Your Excellency [Ambassador Tomasz Czyszek]
[Honourable Ministers and Parliamentary Secretaries],
[Members of Parliament],
I am very pleased to be celebrating with you, both the restoration of Poland’s independence in 1918 and the 50th Anniversary of our bilateral relations. Allow me to start with the latter of these landmarks.
As you mentioned quite well, the relationship between Malta and Poland predates that of our official bilateral ties. One thing we have in common, is surely a rich history. Geography certainly helped here. But it is the characteristics and traditions of our peoples that really make us unique in many ways. Both are known for their great sense of hospitality, which coupled with a wealthy historical heritage, enrich further our two countries.
As for our bilateral ties, they have grown from strength to strength since 1971. The frequency of high-level exchanges has been maintained over time. We experienced the run-up to EU Membership together and we have now representations in our respective capitals. That goes a long way and helps in further consolidating our ties.
I am pleased to recall that I visited Poland twice in my capacity as President of the Republic. Once to commemorate the 80th Anniversary since the outbreak of World War II, and on another occasion to commemorate the 75th Anniversary of the Liberation of the Auschwitz-Birkenau Concentration Camp. These two events were a testament to Poland’s contribution to the history of Europe and beyond.
As a young medical student, I was already drawn to the history and culture of your country and I was very fortunate to have had the opportunity to tour most of the country during 1964. I have continued to follow Poland’s development over the years, and even more so since our two countries both became members of the European Union.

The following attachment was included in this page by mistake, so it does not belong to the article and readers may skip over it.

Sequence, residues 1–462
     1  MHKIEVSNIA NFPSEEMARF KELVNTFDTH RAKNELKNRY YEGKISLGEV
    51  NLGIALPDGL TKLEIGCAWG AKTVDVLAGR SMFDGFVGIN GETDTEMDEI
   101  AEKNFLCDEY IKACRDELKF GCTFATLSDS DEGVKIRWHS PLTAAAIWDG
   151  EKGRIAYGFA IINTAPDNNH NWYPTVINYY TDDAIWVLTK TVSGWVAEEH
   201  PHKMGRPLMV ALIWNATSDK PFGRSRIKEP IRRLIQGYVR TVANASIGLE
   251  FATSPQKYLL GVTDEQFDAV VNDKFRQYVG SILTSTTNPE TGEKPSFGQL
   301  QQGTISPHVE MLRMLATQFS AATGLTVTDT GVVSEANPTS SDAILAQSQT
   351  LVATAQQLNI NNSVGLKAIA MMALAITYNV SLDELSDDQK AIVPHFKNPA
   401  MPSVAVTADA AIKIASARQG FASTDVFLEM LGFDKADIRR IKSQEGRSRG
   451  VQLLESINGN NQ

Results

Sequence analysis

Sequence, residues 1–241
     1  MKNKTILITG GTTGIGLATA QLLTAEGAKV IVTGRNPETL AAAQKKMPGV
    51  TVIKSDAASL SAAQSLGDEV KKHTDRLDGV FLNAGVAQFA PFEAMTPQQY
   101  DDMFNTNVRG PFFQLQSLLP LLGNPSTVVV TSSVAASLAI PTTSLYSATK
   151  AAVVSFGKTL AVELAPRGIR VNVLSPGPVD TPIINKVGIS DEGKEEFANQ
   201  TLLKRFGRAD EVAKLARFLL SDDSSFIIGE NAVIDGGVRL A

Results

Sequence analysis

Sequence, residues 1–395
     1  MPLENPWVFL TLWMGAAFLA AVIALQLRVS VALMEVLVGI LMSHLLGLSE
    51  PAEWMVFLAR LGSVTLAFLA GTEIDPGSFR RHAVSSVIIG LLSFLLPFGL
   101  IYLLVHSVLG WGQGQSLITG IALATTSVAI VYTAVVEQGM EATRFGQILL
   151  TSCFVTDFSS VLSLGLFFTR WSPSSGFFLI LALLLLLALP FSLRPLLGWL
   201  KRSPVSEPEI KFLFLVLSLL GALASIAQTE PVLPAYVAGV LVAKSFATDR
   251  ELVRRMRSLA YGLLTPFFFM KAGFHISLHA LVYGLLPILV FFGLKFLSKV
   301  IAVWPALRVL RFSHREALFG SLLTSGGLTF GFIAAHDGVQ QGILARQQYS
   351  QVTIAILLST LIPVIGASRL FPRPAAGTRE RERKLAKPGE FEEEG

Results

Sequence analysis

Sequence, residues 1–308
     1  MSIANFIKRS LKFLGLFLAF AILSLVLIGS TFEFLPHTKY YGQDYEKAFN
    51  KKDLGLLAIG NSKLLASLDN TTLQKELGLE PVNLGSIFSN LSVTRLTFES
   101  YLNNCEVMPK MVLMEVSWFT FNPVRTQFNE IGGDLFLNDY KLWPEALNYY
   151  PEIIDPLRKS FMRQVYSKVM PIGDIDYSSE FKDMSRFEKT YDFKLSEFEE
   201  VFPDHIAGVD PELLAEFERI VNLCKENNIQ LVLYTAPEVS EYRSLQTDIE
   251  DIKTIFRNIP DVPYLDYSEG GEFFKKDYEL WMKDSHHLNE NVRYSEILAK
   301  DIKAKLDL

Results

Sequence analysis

On this note, I think it is very opportune that we give some thought to the ongoing discourse about the future of the European Union.
This is a family of countries Malta and Poland joined together in 2004 attracted mostly by the common values and democratic principles that this Union was based on. Common values do not mean uniformity in thought or policy. “Unity in diversity” was the motto from the very start. It does mean, however, that adversities and challenges are shared and faced together. No one country is to be left alone. The principle of solidarity is reflected in all EU policies, even though I have to say, that when we speak about migration, we still lack solidarity between the twenty-seven (27).
I am a firm believer in this principle.
Through it, with everyone’s contribution, the EU can truly make a difference in its citizen’s lives. The EU can be a leader in global affairs by setting examples on horizontal matters such as mitigation of climate change, and other environmental concerns, the promotion of multilateral approaches in economic matters, international crime and counter-terrorism, in the reduction of poverty, and in a more egalitarian distribution of wealth and resources. The Covid vaccine being a case in point.
Without wanting to sound too idealistic or even utopic, I still have hope, that ‘solidarity’ should be the key to future further reduction of conflict and disparities, around the globe, eventually even helping to reduce migration towards the European continent. We have to avoid falling in the trap of populism and come together, as a united Europe, to identify, ways forward that will eventually lead us to long-term sustainable solutions and global stability.